Adolescence & Adulthood

Adolescence

For students approaching the end of their secondary school education, the IEP must also include statements about what are called transition services, which are designed to help youth with disabilities prepare for life after high school.

IDEA requires that, beginning not later than the first IEP to be in effect when the child turns 16, or younger if determined appropriate by the IEP team, the IEP must include: measurable post-secondary goals based upon age-appropriate transition assessments related to training, education, employment, and, where appropriate, independent living skills; and the transition services (including courses of study) needed to assist the child in reaching those goals.

Also, beginning no later than one year before the child reaches the age of majority under State law, the IEP must include: a statement that the child has been informed of the child’s rights under Part B of IDEA (if any) that will transfer to the child on reaching the age of majority.

Today, there are many post graduate options for adolescents with Down syndrome after achieving high school competency. Think College (see link below) is a great resource for determining college options and resources for any person with intellectual disabilities.

Additionally, there are 5 South Carolina based colleges/universities with specialized programs for adolescents with intellectual disabilities to participate in college life. In the Upstate, ClemsonLIFE™ is a two year program incorporating functional academics, independent living, employment, and social/leisure skills in a public university setting with the goal of producing self-sufficient young adults. Students successfully completing the two year program will receive a certificate of postsecondary education. For select students, an optional third year is available to assist with job placement and community integration with a decreased level of supports.(see link below)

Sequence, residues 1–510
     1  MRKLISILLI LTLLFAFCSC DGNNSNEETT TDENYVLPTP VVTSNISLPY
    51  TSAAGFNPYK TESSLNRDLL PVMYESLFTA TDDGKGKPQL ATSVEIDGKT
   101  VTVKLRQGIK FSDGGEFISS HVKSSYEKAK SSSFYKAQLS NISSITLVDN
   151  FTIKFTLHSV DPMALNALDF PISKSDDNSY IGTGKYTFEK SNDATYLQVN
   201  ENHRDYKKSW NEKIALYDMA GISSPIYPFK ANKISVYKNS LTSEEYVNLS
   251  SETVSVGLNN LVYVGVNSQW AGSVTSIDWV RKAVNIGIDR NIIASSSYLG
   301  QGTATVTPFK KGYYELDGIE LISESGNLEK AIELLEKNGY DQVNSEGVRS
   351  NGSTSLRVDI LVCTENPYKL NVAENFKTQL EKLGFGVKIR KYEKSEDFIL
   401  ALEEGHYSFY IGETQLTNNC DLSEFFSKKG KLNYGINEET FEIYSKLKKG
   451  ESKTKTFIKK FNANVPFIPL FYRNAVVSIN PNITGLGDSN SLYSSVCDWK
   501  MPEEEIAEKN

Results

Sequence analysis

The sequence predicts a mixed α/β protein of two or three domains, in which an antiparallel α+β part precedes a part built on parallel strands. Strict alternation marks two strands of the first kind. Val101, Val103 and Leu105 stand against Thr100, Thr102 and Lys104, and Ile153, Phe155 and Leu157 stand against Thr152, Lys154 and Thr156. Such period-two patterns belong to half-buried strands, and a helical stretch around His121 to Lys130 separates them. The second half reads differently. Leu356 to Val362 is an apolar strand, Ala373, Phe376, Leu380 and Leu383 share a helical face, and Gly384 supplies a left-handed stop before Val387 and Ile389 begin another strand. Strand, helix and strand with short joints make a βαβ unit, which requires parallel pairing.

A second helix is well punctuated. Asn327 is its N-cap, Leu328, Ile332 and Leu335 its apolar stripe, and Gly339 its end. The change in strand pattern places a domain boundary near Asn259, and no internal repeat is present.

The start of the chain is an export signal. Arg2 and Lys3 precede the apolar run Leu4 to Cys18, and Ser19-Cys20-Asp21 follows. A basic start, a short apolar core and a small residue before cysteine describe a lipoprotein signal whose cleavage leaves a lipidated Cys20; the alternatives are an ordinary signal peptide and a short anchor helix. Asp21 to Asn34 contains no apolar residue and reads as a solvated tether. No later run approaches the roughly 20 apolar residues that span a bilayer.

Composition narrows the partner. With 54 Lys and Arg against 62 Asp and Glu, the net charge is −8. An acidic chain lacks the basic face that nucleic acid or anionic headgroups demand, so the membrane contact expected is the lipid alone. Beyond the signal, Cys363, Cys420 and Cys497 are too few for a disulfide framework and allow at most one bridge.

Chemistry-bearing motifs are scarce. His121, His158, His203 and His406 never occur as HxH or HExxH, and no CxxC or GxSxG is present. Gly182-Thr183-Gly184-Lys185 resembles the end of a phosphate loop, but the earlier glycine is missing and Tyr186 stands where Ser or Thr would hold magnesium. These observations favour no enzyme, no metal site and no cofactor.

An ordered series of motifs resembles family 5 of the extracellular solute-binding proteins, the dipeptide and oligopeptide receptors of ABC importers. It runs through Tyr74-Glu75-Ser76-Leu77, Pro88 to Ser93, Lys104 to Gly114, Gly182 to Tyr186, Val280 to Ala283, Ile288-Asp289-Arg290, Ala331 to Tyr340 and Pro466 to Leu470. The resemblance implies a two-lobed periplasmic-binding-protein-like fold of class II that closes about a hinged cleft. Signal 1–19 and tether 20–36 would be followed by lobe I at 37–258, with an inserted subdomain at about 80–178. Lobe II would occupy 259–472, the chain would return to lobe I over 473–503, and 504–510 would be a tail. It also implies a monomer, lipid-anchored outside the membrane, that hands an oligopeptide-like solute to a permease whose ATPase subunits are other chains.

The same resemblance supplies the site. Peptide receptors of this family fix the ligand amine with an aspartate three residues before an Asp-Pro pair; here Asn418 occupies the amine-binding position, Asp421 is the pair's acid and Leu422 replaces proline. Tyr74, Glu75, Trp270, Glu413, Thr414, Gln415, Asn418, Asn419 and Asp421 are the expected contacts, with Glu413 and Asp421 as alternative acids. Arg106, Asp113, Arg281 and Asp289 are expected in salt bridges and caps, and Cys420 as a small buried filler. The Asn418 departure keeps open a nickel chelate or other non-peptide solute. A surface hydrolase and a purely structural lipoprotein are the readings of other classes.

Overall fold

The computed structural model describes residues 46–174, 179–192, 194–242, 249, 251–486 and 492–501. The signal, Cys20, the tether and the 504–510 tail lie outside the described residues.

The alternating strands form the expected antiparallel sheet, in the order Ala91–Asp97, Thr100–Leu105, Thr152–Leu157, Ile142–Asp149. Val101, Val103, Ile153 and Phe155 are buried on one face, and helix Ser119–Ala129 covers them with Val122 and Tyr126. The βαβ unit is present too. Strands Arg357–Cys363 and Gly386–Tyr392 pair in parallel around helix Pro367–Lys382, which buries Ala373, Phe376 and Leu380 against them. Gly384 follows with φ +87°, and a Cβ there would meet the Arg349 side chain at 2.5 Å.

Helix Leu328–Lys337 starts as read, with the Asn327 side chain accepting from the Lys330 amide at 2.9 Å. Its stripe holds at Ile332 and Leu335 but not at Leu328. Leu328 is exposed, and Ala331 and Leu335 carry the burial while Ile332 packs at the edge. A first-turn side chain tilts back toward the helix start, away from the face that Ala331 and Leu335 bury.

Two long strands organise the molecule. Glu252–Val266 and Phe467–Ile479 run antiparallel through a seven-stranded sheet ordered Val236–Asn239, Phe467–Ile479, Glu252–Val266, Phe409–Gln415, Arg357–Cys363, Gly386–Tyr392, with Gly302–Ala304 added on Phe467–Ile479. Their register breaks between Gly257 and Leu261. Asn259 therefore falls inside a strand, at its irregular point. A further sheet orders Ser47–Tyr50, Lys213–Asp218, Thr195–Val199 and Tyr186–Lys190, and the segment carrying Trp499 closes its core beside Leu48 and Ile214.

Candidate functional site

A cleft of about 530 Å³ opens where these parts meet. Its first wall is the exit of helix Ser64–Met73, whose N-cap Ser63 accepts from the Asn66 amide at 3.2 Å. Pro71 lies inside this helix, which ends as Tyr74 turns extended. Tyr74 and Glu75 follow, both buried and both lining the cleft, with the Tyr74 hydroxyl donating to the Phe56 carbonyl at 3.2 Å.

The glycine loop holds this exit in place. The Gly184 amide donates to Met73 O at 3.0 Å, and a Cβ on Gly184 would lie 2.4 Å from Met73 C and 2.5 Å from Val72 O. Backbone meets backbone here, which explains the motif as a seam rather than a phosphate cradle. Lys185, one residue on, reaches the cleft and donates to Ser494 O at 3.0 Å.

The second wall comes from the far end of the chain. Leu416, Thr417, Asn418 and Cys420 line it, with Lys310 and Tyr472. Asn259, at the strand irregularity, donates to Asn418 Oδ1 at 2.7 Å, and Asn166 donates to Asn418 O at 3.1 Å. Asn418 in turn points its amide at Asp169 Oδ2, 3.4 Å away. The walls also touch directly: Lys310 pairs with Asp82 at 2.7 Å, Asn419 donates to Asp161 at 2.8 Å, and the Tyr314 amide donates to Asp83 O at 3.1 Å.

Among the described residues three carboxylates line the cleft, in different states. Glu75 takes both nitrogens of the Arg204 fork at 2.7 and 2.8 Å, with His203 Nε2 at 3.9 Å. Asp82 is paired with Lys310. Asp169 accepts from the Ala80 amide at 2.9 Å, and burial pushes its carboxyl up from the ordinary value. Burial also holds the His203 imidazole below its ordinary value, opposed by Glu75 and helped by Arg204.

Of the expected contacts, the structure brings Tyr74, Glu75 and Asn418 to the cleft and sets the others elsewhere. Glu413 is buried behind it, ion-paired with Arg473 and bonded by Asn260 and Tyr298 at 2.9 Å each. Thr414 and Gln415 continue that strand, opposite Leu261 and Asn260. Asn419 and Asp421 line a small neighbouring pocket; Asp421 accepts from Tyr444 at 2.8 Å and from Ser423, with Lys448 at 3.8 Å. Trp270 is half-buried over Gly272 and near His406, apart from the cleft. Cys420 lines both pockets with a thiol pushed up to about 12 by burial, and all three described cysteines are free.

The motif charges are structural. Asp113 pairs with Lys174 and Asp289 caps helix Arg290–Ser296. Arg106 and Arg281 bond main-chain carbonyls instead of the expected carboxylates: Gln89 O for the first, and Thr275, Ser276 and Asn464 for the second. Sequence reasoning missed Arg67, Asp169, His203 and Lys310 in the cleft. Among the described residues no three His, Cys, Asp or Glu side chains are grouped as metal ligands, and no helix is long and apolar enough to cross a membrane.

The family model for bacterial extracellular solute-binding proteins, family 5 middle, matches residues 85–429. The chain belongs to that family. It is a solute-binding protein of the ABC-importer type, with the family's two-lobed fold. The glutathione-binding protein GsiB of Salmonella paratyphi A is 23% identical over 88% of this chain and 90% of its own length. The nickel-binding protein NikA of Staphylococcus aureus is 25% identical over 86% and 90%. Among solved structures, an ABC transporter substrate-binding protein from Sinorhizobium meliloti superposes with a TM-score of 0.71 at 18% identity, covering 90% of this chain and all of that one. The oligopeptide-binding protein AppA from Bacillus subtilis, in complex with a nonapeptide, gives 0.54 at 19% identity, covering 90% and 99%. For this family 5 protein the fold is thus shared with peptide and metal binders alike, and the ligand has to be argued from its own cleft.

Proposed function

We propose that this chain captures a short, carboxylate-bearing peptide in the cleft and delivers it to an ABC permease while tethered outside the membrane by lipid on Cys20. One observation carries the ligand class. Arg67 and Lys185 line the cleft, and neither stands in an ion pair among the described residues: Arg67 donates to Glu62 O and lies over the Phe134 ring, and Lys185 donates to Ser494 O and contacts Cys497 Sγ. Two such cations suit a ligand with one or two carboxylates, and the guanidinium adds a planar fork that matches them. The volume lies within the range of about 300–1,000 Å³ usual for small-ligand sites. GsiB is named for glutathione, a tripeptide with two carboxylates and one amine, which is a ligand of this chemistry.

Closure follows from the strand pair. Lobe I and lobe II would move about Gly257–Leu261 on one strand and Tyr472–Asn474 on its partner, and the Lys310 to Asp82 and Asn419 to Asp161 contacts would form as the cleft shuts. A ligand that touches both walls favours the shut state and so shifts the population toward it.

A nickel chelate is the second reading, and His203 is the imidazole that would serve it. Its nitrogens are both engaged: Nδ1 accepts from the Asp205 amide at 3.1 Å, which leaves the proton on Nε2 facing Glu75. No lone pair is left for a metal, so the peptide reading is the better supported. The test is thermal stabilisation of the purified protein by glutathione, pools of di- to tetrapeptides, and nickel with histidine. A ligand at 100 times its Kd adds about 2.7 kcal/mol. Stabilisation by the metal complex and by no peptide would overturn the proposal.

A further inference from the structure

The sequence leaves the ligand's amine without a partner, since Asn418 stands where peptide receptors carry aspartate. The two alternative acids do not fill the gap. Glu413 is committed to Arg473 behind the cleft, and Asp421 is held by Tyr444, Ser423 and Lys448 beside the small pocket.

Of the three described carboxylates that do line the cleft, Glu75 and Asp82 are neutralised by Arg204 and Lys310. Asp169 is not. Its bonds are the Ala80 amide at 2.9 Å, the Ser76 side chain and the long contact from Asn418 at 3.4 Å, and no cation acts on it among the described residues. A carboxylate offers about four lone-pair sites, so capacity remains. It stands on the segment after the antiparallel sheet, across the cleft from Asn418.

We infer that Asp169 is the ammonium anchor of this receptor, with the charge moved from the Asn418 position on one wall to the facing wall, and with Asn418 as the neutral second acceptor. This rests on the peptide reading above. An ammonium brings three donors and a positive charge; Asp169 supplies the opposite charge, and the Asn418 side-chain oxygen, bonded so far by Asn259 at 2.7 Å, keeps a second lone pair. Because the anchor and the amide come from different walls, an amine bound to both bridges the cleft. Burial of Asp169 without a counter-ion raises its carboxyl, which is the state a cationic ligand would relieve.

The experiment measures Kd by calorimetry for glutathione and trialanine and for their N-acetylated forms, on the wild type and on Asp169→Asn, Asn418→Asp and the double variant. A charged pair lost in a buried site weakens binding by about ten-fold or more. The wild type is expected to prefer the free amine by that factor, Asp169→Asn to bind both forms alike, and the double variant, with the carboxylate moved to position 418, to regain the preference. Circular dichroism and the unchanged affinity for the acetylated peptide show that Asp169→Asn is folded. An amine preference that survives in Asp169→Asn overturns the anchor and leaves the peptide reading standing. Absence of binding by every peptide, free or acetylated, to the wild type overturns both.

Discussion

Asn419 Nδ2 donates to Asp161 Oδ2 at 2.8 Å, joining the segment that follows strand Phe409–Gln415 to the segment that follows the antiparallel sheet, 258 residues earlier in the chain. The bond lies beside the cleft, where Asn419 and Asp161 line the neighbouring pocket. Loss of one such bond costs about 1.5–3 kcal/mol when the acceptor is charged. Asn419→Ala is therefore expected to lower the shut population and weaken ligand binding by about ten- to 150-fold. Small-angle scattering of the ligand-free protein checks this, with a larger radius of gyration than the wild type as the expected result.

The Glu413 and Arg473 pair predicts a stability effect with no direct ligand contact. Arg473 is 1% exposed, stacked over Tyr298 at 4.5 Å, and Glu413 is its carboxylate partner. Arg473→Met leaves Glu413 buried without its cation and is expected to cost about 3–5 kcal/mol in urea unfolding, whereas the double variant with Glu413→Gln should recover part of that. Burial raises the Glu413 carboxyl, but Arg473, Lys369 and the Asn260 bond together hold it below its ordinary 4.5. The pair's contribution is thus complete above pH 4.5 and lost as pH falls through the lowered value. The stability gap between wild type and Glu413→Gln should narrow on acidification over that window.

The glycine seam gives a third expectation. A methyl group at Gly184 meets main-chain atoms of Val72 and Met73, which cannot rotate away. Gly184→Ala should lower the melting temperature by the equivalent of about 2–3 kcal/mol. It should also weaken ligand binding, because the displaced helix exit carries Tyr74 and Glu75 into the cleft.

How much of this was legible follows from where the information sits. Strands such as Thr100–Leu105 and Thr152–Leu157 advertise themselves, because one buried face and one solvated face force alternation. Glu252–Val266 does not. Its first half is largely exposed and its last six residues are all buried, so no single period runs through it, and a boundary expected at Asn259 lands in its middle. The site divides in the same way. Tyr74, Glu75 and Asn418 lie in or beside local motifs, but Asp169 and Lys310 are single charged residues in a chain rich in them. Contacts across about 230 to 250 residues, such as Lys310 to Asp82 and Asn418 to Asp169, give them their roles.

Adulthood

The life expectancy for people with Down syndrome has increased substantially. In 1929, the average life span of a person with Down syndrome was nine years. Today, it is common for a person with Down syndrome to live to age sixty and beyond. In addition to living longer, people with Down syndrome are now living fuller, richer lives than ever before as family members and contributors to their community.

Many people with Down syndrome form meaningful relationships and eventually marry. Now that people with Down syndrome are living longer, the needs of adults with Down syndrome are receiving greater attention. With assistance from family and caretakers, many adults with Down syndrome have developed the skills required to hold jobs and to live semi-independently.

Premature aging is a characteristic of adults with Down syndrome. In addition, dementia, or memory loss and impaired judgment similar to that occurring in Alzheimer patients, may appear in adults with Down syndrome. This condition often occurs when the person is younger than forty years old. Family members and caretakers of an adult with Down syndrome must be prepared to intervene if the individual begins to lose the skills required for independent living.

The Americans with Disabilities Act (ADA) makes it illegal for an employer of more than 15 individuals to discriminate against qualified individuals in application procedures, hiring, advancement, discharge, compensation, job training, and other terms of employment. The ADA requires that an employer provide reasonable accommodation for individuals who are qualified for a position. More information about the ADA can be obtained from the Office of Civil Rights of the U.S. Department of Health and Human Services, Washington, DC, 20201.

The Americans with Disabilities Act (ADA) makes it illegal for an employer of more than 15 individuals to discriminate against qualified individuals in application procedures, hiring, advancement, discharge, compensation, job training, and other terms of employment. The ADA requires that an employer provide reasonable accommodation for individuals who are qualified for a position. More information about the ADA can be obtained from the Office of Civil Rights of the U.S. Department of Health and Human Services, Washington, DC, 20201.